Fugazi's performance Sunday night at the 9:30 club was a benefit for two local AIDS charities, so it made sense that the band performed "Give Me the Cure," a song from its 1988 debut. Otherwise, however, the emotionally direct style of the D.C. quartet's early days was seldom in evidence.
Instead, Fugazi continued in the deconstructionist mode of its recent work, dissecting such already skeletal songs as "Reclamation" and "Do You Like Me" into throbbing beats, shards of guitar noise and vocals that were alternately recited or howled.
At times, as when the band added clarinet and trumpet to a ponderous cadence, the sound could only be described as heavy-metal free jazz. Still, on those occasions when the rhythms, clamor and voices found their way back together, the effect was as thrilling as ever.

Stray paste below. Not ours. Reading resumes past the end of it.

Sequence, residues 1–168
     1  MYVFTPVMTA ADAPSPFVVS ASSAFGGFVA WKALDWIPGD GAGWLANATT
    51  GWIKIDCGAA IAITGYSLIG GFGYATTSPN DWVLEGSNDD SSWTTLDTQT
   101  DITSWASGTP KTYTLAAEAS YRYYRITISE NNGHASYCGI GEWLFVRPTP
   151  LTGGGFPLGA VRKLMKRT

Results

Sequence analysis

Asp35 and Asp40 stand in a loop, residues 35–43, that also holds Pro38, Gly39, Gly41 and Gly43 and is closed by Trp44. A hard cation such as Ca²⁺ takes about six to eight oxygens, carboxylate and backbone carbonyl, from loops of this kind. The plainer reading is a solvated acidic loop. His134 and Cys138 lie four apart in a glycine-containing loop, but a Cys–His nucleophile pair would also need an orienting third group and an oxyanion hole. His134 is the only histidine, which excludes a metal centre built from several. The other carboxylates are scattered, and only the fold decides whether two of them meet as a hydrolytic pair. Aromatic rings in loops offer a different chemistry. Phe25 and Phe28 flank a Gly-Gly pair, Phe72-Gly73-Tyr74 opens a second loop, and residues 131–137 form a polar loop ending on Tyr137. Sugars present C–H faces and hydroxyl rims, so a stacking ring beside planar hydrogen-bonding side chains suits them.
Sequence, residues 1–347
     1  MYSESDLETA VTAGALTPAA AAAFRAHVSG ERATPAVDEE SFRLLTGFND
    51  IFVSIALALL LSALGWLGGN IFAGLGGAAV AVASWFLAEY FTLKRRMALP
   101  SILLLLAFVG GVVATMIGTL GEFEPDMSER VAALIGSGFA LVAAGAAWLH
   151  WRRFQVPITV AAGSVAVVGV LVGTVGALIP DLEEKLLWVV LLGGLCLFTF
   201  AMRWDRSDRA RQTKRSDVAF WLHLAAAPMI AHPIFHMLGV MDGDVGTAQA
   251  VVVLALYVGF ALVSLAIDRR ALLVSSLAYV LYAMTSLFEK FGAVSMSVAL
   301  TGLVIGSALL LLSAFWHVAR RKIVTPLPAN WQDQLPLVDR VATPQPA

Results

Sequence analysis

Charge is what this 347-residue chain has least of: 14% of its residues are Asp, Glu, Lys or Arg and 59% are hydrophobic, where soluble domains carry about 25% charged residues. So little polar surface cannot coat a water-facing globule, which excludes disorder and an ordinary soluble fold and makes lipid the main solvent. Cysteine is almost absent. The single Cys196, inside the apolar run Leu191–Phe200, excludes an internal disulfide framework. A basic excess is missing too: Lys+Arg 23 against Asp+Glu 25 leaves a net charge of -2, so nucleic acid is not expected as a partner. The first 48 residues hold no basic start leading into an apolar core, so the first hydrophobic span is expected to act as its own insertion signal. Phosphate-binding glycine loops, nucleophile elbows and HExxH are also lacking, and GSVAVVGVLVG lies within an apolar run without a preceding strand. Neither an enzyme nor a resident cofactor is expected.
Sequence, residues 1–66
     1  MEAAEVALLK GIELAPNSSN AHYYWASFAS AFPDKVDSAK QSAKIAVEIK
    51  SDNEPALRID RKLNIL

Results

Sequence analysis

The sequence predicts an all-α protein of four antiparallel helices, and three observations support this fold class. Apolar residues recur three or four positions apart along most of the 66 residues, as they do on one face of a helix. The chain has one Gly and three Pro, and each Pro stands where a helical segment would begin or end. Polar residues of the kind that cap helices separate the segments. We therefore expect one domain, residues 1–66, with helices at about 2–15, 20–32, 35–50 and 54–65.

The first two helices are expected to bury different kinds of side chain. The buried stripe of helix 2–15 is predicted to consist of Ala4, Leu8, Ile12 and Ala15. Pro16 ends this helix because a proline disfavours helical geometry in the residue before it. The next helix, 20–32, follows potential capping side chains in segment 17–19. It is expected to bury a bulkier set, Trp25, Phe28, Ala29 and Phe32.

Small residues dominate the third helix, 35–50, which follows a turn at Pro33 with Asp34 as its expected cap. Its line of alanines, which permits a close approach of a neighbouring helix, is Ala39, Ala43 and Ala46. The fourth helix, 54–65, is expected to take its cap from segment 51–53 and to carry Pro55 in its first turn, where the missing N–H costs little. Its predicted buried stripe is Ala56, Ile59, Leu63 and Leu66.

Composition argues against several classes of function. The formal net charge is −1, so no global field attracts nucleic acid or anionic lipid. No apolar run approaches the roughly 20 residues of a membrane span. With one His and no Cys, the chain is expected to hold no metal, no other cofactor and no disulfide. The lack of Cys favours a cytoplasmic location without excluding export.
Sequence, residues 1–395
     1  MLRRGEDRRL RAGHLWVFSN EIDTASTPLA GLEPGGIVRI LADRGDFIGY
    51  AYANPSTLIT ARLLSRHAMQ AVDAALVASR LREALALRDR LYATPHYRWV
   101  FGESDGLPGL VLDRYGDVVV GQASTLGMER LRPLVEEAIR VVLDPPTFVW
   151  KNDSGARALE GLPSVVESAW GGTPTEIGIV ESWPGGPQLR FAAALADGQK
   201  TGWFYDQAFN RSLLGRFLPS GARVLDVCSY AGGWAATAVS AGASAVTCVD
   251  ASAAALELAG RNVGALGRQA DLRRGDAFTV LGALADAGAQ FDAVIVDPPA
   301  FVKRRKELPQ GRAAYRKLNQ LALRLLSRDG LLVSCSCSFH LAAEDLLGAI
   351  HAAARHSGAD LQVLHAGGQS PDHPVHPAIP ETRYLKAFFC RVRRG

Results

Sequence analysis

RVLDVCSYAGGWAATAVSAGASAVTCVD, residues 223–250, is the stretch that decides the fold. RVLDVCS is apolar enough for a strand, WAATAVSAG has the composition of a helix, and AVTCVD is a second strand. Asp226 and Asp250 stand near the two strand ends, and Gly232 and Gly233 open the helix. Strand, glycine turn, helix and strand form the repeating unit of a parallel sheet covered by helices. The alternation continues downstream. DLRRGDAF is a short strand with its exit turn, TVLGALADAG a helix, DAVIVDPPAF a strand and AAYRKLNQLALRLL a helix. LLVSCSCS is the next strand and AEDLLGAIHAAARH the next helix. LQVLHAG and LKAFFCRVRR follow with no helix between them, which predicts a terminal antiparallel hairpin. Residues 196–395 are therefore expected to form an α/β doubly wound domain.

The Ex, the veteran Dutch post-punk quintet that opened the show, is also known for musical experimentation, but its set was firmly rooted in the angularly funky early-'80s British sound that still serves as Fugazi's foundation. As on the band's latest album, "Starters Alternators," the drums and guitars lunged and parried, yielding a musical locomotion that was cyclical yet straightforward.